Wednesday, April 1, 2009

The Bus Stop (Theatre HAN)

By Kitty

BOTTOM LINE: If you are short on patience, the wait at this Bus Stop will be very, very long.

Controversy has surrounded The Bus Stop, by Gao Xingjian, since its Beijing premiere in 1983. The Chinese people, weary of conforming to the rules of communism, embraced The Bus Stop and lauded writer Gao, much to the displeasure of the Chinese government. Less than five years after the play's premiere, Gao fled China and settled in Paris as a political refugee.

The play begins with two men in the countryside. Neither is aquainted with the other, but eventually, one begins to converse with the other in an attempt to pass the time. Soon, others begin to arrive, each with their own story, their own identity, and their own reason for hopping the bus to the city for the day. For each bus engine they faintly recognize in the distance, their excitement and anticipation jumps. It is this reoccurring renewal of faith that keeps them waiting. But the bus never stops. Should they go home? Should they take their chances and walk several miles into the city? Or should they continue to wait for something that may never come?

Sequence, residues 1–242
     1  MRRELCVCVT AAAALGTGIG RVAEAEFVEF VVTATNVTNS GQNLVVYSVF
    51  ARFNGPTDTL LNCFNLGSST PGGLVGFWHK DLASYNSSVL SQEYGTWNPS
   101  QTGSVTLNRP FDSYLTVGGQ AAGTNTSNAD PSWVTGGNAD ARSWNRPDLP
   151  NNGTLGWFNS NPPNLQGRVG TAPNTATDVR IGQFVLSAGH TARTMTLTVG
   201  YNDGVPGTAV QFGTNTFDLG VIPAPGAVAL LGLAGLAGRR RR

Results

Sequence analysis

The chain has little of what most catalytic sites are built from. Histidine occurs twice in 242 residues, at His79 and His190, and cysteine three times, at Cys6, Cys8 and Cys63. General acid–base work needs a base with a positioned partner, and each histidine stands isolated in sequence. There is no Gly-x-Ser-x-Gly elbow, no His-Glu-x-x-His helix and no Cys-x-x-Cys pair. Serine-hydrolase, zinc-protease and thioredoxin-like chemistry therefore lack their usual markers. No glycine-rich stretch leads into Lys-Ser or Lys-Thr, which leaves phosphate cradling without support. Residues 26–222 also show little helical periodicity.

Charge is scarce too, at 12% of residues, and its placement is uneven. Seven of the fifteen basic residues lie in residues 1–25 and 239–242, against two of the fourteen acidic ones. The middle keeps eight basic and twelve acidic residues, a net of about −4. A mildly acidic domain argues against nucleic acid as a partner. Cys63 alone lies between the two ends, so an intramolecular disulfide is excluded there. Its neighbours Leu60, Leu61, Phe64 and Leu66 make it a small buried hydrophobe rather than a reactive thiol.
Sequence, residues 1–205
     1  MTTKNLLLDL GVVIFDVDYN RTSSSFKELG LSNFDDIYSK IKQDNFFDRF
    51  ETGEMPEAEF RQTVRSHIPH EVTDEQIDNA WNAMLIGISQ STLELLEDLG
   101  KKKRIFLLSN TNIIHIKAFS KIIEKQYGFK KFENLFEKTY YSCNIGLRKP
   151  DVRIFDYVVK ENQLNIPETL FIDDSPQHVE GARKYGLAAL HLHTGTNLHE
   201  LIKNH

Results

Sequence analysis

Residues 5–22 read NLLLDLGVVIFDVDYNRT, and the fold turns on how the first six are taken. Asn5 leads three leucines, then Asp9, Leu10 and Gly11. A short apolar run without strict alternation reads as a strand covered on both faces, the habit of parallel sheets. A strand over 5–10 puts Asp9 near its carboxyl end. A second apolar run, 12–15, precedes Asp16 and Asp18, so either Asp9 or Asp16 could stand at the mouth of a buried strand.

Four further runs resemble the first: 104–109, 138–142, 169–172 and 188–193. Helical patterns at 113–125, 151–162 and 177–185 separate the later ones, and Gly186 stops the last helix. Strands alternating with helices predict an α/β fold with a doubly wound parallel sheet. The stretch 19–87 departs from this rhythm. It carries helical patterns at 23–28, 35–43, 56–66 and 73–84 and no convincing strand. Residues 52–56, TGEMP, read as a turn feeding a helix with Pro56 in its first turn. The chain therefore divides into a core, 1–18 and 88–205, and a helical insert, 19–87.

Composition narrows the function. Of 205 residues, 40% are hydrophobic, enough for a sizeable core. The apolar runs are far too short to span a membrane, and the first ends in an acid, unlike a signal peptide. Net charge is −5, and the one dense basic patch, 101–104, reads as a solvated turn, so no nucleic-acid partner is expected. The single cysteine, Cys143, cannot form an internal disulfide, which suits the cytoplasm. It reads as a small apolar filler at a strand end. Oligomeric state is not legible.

The strength in this production of The Bus Stop is in the design. The Theatre HAN team transforms the Sanford Meisner Theater into a small, cramped space using four plastic-draped cabanas, one in each corner, to house the audience. This creates a theatre-in-the round effect of which the actors take full advantage. Often, the actors address the audience directly and it is not uncommon for the actors to brush an audience arm or graze a crossed leg, all of which adds to the discomfort of waiting in an enclosed space with strangers.

The weakness, however, is in the direction. The actors do make the best of what they're given, with stand-out performances by Gabe Belyeu as Glasses and Adam Bedri as Hothead. Unfortunately, though, each character comes off as more cartoonish than capable which suggests an emphasis on "playing" a character rather than being the character. If actor and director can find a compromise between the two, the overall picture of the play will provide more interesting shade.

(The New York premiere of Gao Xingjian's The Bus Stop, produced by Theatre HAN, performs through April 19th at The Sanford Meisner Theater, 164 11th Avenue. Performances run Tuesday through Saturday at 8pm with matinee performances on Saturday and Sunday at 3pm and an evening performance on Sunday at 7pm. Tickets are $15, available by calling 212.352.3101 or visiting For more show info check out

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